Liberals like small homes that are close to shopping and attractions, while conservatives prefer to have larger properties and drive longer distances to the store. This is one of the findings from a 2014 report by the Pew Research Center that examined how our political beliefs interact with daily life. It’s not clear why the two go hand-in-hand, though it does coincide with preferences for urban, suburban, and rural life. Is it a question of age, daily experiences, or of some other trait like risk tolerance that manifests in both political philosophy and physical space?

There has been a lot of speculation on the political consequences of the manifestation of these differences in the rural/urban divide. Thanks to J.D. Vance’s book Hillbilly Elegy: A Memoir of a Family and Culture in Crisis and the opioid crisis, there is also a greater sense (though not necessarily understanding) of its personal and economic causes and implications.

In 2017, Ross Douthat observed,

Yes, for many of their inhabitants, particularly the young and the wealthy, our liberal cities are pleasant places in which to work and play. But if they are diverse in certain ways they are segregated in others, from “whiteopias” like Portland to balkanized cities like D.C. or Chicago. If they are dynamic, they are also so rich — and so rigidly zoned — that the middle class can’t afford to live there and fewer and fewer kids are born inside their gates. If they are fast-growing it’s often a growth intertwined with subsidies and “too big to fail” protection; if they are innovation capitals it’s a form of innovation that generates fewer jobs than past technological advance. If they produce some intellectual ferment they have also cloistered our liberal intelligentsia and actually weakened liberalism politically by concentrating its votes.

Douthat suggested treating large cities “as trusts that concentrate wealth and power and conspire against the public good.” His remedy was to compel geographical diversification of their sources of economic value—federal government agencies, elite universities, nonprofits, businesses, and the media.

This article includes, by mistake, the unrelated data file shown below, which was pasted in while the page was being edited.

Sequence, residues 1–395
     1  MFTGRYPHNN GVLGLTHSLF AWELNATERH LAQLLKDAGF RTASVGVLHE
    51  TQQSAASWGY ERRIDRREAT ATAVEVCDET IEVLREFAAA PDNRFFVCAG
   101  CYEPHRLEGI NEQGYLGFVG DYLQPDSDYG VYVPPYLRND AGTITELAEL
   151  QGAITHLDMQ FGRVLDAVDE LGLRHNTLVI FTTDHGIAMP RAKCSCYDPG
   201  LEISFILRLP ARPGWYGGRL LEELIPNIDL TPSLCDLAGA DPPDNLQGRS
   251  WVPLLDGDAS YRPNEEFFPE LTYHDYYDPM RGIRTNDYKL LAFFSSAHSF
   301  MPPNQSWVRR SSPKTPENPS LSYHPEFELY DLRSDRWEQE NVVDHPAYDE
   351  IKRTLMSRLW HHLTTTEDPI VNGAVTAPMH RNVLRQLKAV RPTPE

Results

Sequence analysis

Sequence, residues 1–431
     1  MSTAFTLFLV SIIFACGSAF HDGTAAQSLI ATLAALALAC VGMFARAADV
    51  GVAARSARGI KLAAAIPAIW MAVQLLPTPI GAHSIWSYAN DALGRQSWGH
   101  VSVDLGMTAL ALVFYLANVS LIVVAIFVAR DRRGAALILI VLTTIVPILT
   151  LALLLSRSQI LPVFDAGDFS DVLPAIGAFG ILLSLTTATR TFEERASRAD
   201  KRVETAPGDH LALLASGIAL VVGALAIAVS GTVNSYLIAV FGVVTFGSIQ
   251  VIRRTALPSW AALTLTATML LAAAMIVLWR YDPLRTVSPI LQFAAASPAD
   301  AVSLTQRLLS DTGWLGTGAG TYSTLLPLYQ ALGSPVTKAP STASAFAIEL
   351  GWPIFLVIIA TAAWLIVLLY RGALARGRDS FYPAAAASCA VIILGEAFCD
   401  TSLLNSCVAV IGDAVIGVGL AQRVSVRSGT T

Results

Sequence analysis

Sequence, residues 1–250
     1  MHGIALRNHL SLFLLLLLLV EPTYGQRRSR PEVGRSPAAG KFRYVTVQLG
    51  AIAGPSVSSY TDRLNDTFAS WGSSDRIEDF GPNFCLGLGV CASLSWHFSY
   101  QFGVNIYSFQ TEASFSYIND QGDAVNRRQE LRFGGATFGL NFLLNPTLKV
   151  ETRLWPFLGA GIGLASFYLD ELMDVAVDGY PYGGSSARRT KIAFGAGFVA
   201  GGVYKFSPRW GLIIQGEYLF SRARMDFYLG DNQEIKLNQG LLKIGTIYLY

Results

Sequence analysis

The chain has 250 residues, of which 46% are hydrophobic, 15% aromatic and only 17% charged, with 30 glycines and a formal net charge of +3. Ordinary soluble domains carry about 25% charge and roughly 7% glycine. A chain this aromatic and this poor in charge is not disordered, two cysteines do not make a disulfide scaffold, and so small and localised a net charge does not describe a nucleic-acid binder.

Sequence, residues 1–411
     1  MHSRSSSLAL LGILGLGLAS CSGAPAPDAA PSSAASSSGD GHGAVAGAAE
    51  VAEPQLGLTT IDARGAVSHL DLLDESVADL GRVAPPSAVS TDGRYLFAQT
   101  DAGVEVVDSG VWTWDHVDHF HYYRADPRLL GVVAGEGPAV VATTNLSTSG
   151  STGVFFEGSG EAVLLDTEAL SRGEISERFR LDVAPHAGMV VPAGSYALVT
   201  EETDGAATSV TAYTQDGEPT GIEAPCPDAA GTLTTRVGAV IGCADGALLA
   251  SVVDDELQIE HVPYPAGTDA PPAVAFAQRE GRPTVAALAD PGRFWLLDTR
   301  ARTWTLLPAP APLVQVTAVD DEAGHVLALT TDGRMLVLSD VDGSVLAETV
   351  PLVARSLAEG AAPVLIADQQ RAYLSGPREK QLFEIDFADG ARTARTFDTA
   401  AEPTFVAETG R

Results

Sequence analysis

Rather than break up the cities, others have suggested ways to make more of America walkable. A writer for Grist reasonably complained about the effects of the mortgage interest deduction and state and local property tax deduction on home-buying decisions. People can buy larger and more expensive houses if their payments are subsidized by tax policy. The subsidy does not generally create a decision to buy, but it does influence what a person buys.  As a result of federal tax reform, both deductions are now much less valuable. Not content to eliminate subsidies for sprawl, he quoted Smart Growth America’s 2013 suggestion, “Federal real estate spending and commitments should be coordinated around a clear set of goals to support thriving economies in communities across the country.” Neutrality would leave drivers and walkers equally free to make housing decisions based on their own preferences.

Another state and local tax deduction may have made it less costly to be an urban dweller. If your high income and property taxes are deductible, then you may not mind paying the relatively higher price of government in the city than in the suburb or, similarly, in a state like Massachusetts rather than New Hampshire. Federal tax reform also leveled the playing field here.

Conservatives are more likely to hunt and fish. Liberals are more likely to go to art galleries and musical theater. Both groups want to live near others who share their ideas and beliefs. It all fits together even as it keeps us apart.